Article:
Cameron is in federal prison, but his plight is illustrative of the horrors of private prisons at the state level, where the circumstances are often even worse. One of the American hikers imprisoned for a time in Iran wrote an essay on his surprise and horror in discovering the US prisons were so much worse than what he experienced in Iran (how’s that for being #1?)
A second aspect of American exceptionalism in our prisons is that many prisoners are held in solitary confinement. Solitary confinement may be applied to prisoners who seem completely compliant. Consider what happened to El Paso businessman Bob Jones, sentenced to ten years in prison for fraud and public corruption. His first few days were spent at a private prison in Otero County, N.M., where he was placed in the SHU (Special Housing Unit), allegedly to protect him. Here, in a 6’x8’ concrete cell, with no window, lit by a single fluorescent light fixture night and day. Here he contracted E.Coli from poorly prepared hamburger, and suffered dysentery for two weeks; was taken to what was called a medical facility, where he was told he needed to eat and returned to the SHU. Two weeks after that he was taken out in a wheelchair to shower; he could no longer walk and had lost 80 pounds. The story goes on like that for weeks, as Jones was finally chained to a hospital bed after the emergency room doctor diagnosed kidney failure resulting from untreated E. Coli infection – and then returned to the SHU! Finally he was “lucky” enough to be taken, still in his wheelchair, to begin his sentence in federal prison. Eventually Jones underwent major surgery for all the damage done to his kidneys, pancreas, and spinal nerves by his untreated infection. He was chained to his hospital bed during recovery – and with two guards 24 hours a day – and this for a man who could not walk! Despite all this, the private prison in Otero County where Jones’ ordeal began has not been shut down.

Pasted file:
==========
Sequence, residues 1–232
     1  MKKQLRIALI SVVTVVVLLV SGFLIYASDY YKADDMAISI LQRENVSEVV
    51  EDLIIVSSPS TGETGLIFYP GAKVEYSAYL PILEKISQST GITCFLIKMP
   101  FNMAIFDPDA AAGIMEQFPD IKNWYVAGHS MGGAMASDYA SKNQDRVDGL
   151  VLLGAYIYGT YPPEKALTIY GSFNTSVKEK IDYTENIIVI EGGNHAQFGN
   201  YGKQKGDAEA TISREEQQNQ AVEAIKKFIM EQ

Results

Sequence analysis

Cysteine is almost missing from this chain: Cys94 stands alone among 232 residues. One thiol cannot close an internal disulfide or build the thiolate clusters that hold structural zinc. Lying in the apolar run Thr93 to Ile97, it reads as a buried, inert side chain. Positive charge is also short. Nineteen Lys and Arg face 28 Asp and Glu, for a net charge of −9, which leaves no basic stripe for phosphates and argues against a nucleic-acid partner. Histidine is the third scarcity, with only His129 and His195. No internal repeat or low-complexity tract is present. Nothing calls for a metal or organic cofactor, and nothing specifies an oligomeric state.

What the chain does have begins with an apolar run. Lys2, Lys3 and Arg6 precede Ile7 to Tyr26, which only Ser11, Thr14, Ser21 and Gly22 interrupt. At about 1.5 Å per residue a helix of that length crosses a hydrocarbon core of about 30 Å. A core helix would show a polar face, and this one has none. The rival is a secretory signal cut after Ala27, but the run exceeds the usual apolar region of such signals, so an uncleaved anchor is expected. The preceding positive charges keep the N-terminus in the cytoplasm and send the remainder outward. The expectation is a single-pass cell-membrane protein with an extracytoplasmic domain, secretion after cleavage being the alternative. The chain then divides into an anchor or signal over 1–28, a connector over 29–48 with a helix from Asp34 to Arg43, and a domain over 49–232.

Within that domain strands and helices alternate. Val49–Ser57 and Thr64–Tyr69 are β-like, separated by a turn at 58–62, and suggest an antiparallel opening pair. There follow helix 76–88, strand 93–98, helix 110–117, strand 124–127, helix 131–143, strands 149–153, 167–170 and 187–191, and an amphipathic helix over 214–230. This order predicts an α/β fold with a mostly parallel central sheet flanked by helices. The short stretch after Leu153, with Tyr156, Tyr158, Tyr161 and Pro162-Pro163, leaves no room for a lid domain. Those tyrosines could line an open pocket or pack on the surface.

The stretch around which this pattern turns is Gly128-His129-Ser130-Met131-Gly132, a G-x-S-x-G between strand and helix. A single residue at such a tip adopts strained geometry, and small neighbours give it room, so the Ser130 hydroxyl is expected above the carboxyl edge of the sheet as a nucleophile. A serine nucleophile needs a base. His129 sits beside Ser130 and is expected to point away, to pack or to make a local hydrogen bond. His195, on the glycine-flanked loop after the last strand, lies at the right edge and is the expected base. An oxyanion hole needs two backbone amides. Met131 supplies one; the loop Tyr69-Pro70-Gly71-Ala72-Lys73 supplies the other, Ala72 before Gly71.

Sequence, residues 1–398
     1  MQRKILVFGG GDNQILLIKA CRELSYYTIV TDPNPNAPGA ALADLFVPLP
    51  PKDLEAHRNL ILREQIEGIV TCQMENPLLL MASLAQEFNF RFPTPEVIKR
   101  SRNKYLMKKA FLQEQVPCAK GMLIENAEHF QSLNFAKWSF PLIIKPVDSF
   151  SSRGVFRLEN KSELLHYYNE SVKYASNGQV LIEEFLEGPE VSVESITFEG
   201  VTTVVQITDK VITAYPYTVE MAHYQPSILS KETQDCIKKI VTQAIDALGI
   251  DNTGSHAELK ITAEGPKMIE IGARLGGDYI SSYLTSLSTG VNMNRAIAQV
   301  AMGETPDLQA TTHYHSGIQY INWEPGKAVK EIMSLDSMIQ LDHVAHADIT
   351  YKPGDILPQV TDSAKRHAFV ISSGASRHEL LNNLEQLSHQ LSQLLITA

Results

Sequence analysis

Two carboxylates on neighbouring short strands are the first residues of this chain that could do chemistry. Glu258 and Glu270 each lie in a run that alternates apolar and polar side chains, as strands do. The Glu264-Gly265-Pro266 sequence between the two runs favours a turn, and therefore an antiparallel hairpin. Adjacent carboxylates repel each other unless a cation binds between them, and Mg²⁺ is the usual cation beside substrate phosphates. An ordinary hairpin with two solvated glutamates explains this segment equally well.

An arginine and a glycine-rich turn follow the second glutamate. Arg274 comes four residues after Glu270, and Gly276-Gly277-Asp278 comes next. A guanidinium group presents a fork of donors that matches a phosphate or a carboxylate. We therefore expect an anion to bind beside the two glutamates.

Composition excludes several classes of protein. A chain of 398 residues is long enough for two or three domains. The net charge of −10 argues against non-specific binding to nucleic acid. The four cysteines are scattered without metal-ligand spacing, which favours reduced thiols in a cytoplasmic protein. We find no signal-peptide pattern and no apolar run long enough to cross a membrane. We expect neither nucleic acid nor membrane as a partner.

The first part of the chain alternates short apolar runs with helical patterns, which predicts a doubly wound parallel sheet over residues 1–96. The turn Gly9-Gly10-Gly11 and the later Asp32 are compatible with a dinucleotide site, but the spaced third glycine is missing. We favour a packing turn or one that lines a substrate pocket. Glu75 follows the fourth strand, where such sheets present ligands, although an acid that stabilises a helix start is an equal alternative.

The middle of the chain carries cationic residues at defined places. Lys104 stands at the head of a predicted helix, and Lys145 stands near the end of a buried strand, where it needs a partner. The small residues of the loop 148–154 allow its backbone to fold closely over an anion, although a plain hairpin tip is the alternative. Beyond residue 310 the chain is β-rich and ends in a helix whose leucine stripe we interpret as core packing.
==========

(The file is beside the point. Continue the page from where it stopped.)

O October 1, 2013, a federal judge ordered the release of Herman Wallace, who was convicted, with two others, of murdering a prison guard in the Louisiana state penitentiary in Angola in 1974 – and spent 41 years in solitary, which appears to be a US record. Wallace’s conviction was overturned due to an unfair trial – almost too late for the prisoner, who was dying of liver cancer as he was brought out of prison. Needless to say, the state sued to block his release, but Wallace was able to “enjoy” three days of freedom before his death.